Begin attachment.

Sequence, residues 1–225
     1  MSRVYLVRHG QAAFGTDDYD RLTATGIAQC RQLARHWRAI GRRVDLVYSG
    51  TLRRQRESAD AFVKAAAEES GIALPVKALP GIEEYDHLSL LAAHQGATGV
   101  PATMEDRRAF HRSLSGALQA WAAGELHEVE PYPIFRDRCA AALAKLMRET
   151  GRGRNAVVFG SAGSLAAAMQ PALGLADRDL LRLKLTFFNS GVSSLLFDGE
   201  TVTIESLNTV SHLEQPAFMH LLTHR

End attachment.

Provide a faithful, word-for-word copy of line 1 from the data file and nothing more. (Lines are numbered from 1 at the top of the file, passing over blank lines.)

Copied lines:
Sequence, residues 1–225